Kaine has said Germany, not Virginia, should pay for Soering’s incarceration. But Republicans have continued to hammer Kaine for failing to explain his reasons for requesting the transfer.
5. Debate packaging
Kaine, former chairman of the Democratic National Committee, and Allen, a former senator, have both had considerable practice with debates and public speeches, though Kaine is considered by some to be the more polished debater. Kaine appeared more relaxed in the first debate while Allen seemed more rattled. In an apparent gaffe, Allen seemed not to understand how birth-control pills work.
Both candidates are looking to be aggressive in their first debate since the general election campaign launched, but also calm and conciliatory. Expect a lot of smiles.
6. Defense cuts
Unless Congress and the White House strike a deal by Jan. 2, the Pentagon — a key economic engine in Virginia — will cut more than $50 billion in spending.
Allen, like many fellow Republicans, has sought to blame the impending cuts on Democrats, imploring them to help approve legislation that would stop the cuts. A majority of Republicans in Congress, and in the Virginia delegation, had voted for the deal that could lead to the cuts.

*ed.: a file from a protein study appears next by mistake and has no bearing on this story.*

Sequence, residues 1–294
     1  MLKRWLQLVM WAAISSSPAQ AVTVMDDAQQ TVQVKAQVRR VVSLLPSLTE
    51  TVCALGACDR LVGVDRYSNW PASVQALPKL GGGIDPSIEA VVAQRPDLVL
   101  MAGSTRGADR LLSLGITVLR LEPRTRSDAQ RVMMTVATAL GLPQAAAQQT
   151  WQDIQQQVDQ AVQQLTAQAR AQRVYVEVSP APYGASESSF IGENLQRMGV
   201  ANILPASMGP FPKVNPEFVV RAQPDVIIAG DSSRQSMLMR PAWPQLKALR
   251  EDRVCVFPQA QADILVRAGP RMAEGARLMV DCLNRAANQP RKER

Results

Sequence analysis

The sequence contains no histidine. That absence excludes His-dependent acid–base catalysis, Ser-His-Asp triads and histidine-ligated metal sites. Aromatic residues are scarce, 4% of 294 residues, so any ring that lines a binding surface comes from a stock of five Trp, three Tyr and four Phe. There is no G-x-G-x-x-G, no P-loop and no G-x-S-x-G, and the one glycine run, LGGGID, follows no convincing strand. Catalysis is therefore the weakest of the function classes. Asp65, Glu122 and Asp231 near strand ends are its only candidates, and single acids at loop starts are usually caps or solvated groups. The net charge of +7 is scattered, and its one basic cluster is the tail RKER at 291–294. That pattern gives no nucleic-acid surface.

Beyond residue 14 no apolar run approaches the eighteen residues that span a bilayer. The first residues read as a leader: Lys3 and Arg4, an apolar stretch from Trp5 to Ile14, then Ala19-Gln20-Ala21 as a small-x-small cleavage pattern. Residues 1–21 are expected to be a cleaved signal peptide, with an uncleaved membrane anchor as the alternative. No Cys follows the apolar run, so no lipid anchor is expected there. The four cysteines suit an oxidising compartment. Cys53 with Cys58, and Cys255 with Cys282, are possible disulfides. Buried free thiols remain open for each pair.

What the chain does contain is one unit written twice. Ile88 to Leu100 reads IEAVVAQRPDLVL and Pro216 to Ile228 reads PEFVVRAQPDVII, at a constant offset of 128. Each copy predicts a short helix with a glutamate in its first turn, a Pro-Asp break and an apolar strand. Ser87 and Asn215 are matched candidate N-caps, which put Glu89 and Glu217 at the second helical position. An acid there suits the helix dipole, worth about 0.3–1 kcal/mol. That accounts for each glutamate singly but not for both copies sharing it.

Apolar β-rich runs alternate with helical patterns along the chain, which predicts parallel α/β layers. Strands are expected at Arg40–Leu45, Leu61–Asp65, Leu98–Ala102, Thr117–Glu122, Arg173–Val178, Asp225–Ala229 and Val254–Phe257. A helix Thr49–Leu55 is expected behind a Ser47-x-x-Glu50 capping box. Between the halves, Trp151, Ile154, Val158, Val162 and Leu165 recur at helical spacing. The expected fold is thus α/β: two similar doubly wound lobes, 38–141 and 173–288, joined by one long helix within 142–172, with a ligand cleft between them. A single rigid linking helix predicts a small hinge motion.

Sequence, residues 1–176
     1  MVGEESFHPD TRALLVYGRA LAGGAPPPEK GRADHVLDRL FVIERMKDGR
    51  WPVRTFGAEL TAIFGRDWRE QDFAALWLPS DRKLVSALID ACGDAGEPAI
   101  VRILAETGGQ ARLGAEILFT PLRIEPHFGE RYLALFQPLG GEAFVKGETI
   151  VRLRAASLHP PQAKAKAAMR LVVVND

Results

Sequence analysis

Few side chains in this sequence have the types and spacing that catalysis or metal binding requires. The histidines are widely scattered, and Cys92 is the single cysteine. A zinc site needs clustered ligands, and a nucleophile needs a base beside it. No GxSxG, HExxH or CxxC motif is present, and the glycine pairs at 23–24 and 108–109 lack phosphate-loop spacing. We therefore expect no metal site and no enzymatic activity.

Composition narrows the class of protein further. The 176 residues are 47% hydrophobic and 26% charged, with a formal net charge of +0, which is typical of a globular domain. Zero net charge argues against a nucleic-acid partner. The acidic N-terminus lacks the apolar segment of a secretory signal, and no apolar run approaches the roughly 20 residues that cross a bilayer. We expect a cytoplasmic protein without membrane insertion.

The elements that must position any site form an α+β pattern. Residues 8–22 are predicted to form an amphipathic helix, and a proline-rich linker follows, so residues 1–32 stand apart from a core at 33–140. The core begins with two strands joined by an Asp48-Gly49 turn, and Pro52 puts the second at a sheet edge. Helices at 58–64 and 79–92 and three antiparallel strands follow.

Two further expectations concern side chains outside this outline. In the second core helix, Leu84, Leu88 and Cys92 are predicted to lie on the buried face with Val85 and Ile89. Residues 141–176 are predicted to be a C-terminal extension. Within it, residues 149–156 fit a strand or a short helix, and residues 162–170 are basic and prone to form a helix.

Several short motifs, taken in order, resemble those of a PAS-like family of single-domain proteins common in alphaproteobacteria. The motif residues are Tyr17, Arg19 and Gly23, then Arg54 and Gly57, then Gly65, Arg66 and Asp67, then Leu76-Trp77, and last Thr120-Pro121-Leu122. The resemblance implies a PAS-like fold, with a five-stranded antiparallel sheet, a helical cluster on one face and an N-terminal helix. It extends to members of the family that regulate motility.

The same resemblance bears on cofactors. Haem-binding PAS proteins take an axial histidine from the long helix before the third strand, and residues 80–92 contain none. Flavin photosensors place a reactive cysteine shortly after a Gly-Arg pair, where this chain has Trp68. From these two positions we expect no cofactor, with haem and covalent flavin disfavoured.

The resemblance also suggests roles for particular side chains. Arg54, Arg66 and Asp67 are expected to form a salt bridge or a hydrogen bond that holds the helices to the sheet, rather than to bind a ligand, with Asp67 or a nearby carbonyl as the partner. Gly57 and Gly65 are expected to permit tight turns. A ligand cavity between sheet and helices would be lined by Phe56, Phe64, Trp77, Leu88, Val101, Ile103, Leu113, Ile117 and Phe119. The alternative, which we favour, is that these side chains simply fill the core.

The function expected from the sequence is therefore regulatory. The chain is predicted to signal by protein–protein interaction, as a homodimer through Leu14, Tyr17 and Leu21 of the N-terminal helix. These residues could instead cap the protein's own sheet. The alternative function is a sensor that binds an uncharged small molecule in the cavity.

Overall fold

Kaine has said he wants to “keep pressure on Congress to do their job” by striking a broader spending agreement, rather than just protecting against cuts in defense. If spending cuts happen, he wants the Pentagon to decide how to implement them.
7. Expiring tax cuts
Allen and Kaine will probably be queried about the looming expiration of the George W. Bush-era tax cuts, a subject on which they disagree.
Kaine differs somewhat with Obama on this topic. While the president has called for allowing the cuts to expire on all income above $250,000 per year, Kaine wants to move the bar higher, to $500,000. But both generally agree that tax rates on the wealthiest Americans should go up to help reduce the budget deficit.
Allen, like most Republicans, believes that all the tax cuts — which he supported when he served in the Senate — should be extended, arguing that any increases could hurt a still-recovering economy.